In simple terms, all plants need light, air, water, and nutrients in order to thrive. Of these, the difference in whether a plant lives or dies will often come down to water.
Plants needs loose, well-drained soil, which provides the right environment for roots to get enough water, but also for them to dry out partially before getting more water. If your plant is wilting or the leaves turn brown, especially around the edges, those leaves aren’t getting enough water. There are three scenarios that lead to your plants not getting enough water.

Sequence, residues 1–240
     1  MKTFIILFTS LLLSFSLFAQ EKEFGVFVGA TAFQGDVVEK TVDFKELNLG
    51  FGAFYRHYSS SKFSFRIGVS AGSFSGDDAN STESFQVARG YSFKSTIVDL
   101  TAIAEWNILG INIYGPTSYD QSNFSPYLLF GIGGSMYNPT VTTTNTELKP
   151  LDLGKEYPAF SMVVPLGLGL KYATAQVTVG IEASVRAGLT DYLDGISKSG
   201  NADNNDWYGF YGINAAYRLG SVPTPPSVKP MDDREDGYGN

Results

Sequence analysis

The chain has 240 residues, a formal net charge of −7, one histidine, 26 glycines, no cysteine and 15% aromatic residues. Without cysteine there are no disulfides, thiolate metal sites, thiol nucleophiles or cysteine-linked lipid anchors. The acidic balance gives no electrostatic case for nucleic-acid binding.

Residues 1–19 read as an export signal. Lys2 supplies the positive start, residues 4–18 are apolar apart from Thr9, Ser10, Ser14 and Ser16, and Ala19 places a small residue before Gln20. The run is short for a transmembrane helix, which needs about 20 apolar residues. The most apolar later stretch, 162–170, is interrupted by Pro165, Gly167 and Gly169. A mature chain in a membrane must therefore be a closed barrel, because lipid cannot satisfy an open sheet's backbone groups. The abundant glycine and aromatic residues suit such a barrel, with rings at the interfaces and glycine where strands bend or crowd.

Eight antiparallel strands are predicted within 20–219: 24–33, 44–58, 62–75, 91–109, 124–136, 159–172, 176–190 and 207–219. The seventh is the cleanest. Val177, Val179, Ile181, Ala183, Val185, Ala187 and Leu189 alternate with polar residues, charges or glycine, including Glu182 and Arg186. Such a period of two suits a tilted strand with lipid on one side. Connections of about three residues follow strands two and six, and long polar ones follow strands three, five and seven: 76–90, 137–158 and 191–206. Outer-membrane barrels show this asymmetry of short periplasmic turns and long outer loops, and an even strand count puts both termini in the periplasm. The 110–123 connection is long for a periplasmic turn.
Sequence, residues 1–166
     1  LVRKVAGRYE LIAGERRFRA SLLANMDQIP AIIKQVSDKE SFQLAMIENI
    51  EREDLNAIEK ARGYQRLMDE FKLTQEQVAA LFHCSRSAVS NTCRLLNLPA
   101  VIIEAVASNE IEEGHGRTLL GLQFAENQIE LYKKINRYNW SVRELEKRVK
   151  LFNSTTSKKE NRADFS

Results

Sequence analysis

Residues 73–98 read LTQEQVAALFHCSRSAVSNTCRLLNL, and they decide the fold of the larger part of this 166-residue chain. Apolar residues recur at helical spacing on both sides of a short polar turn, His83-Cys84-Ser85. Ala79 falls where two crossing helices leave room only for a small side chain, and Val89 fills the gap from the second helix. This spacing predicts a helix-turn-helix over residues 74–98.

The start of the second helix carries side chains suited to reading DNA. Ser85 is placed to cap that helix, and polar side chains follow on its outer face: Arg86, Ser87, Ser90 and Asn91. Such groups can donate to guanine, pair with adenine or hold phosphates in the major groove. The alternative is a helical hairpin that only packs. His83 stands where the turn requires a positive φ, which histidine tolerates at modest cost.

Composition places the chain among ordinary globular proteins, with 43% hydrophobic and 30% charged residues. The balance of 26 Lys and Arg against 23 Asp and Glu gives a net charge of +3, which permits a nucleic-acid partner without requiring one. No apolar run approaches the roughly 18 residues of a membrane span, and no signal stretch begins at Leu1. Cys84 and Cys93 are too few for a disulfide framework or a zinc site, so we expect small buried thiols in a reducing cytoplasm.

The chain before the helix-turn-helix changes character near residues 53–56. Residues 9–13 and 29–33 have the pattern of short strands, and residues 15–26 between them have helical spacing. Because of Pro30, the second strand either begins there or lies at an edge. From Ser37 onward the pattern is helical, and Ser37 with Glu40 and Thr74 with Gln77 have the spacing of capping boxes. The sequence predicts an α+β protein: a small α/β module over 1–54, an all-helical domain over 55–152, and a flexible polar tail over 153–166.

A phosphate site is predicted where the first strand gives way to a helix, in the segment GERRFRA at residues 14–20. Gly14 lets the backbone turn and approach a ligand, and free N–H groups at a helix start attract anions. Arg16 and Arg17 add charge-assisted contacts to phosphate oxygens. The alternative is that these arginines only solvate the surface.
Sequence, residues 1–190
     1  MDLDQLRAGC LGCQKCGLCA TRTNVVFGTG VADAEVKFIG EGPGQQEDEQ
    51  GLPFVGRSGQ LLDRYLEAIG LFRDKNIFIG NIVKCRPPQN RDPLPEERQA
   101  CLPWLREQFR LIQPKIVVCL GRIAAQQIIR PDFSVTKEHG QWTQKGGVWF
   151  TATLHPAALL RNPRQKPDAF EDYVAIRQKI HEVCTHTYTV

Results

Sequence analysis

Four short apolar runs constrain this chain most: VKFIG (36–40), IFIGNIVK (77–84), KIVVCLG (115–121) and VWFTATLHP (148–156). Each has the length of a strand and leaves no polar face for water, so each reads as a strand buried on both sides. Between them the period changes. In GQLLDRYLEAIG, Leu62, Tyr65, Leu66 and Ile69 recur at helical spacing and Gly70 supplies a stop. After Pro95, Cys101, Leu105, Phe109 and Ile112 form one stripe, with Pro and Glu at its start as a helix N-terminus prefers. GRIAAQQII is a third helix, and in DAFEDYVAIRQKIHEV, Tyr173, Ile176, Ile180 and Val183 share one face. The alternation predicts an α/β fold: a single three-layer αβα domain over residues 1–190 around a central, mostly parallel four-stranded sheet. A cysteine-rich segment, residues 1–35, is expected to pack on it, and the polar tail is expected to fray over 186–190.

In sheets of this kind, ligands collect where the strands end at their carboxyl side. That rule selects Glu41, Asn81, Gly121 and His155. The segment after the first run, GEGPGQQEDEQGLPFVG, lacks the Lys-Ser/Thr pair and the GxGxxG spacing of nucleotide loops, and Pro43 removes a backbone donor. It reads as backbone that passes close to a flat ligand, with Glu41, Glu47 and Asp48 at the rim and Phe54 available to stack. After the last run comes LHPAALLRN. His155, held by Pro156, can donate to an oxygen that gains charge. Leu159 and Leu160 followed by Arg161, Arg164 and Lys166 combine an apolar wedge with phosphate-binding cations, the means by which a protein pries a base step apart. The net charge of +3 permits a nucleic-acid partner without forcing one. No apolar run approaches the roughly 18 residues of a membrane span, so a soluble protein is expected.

- Not enough water. If your plant needed five gallons of water and you only gave it two, then it didn’t get enough water.
- Too much water. If the roots are suffocating in heavy, wet soil, they’ll stop doing their job. If they stop doing their job, then the top of the plant can’t thrive.
- The bridge is out. If your moisture level is perfect and the roots are healthy, but your leaves still aren’t getting enough water, there may be a blockage in the trunk or middle of the plant. This can be from planting too deep, physical damage from weed eaters, or possibly a result of disease or insects.
All of these water problems need to be addressed when your plant is looking dry. Find the right amount of water and make sure you have good drainage so the roots can dry in between watering, and to keep the stem or trunk from getting damaged, avoid trimming too close to the plant and always plant at the proper depth.
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